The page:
Number of graduates going abroad to work is at lowest level


The number of third-level graduates seeking work abroad after college has reached the lowest level since modern records began, according to a new report from the Higher Education Authority (HEA).

The HEA said 6.8 per cent of graduates in 1999 went overseas looking for work, the lowest figure since 1983. A decade ago almost 20 per cent were forced to go abroad, mainly to Europe or north America.

The HEA's report on graduate destinations shows that 46 per cent of them got a job after leaving college, down from 51 per cent the year before. This was explained by the increase in the number of graduates staying in college for further study which rose from 35 per cent to almost 42 per cent, said the HEA.

The chairman of the HEA, Dr Don Thornhill, said Government initiatives to support postgraduate research were "proving attractive to graduates" and helped to explain this rise.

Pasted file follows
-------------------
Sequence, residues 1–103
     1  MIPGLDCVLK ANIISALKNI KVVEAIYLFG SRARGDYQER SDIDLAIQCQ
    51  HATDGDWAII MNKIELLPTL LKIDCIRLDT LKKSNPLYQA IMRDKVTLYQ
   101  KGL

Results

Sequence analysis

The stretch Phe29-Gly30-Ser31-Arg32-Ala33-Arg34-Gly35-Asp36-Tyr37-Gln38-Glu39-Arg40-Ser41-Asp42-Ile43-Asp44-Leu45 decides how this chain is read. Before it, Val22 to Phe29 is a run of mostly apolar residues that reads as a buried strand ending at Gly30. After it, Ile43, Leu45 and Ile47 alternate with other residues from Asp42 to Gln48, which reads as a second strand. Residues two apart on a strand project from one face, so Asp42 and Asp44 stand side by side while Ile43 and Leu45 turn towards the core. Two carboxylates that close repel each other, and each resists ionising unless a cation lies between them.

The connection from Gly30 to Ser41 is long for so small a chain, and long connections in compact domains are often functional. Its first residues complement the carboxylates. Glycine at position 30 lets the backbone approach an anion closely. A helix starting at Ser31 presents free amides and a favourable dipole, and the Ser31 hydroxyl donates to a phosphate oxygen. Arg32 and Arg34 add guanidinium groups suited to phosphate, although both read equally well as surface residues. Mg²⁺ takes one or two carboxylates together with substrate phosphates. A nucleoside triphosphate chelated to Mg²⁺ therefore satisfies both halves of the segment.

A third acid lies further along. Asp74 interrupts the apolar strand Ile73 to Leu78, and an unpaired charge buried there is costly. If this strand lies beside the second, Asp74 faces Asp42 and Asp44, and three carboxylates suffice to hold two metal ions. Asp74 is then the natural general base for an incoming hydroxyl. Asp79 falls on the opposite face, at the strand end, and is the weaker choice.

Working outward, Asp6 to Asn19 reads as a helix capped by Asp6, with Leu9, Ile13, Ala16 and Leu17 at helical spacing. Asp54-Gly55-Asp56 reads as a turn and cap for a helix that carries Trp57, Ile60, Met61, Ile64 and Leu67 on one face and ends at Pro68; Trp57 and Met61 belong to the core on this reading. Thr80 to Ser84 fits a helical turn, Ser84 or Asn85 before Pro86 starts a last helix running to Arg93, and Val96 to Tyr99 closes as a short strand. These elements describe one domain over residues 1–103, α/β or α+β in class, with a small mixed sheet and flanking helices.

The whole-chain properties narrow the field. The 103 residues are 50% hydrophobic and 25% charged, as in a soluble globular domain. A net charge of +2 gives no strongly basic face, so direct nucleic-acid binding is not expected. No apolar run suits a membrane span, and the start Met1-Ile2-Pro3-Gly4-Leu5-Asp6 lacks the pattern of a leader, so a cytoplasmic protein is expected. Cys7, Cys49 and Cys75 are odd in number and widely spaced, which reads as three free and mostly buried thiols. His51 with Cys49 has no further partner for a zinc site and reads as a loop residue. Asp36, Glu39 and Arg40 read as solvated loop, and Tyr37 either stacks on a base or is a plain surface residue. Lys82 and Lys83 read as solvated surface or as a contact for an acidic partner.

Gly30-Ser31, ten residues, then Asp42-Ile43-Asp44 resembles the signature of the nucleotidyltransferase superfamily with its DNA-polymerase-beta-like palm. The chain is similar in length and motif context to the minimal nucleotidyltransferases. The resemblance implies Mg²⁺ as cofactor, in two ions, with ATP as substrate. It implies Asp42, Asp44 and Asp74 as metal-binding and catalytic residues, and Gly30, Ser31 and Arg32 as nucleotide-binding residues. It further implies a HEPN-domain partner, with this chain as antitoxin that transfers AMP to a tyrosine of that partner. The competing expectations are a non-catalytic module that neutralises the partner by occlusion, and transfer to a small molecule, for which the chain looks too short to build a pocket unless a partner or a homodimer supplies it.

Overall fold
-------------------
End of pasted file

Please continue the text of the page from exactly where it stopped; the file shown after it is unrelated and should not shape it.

The number of unemployed graduates (classified as "seeking employment") was at 1.5 per cent, also the lowest level since 1983. As recently as 1991 this figure stood at eight per cent.

Of those who found employment, over 60 per cent of graduates and about 66 per cent of postgraduates took up positions in the eastern region.

The survey also contains figures on those taking the higher diploma in education (H.Dip), the traditional route into teaching. It shows unemployment among teachers has dropped from 6.1 per cent to 3.4 per cent.

The numbers getting substitute, part-time or temporary work have risen from 51.4 per cent to 61.2 per cent. The number getting permanent posts has dropped slightly from 6.1 per cent to 5.1 per cent.

More than 10 per cent of H.Dip graduates did not go into teaching after graduating. While this figure is high for a graduate group, it had dropped from over 20 per cent the year before.

The number of graduates teaching abroad rose slightly from 6.4 per cent to seven per cent. At the end of the 1980s almost 20 per cent of teachers were forced to seek work overseas.

The figures are included in the HEA's First Destination of Award Recipients in Higher Education. Almost 26,000 graduates were surveyed between six and nine months after they graduated. The figures are preliminary and the full report will be issued early next year.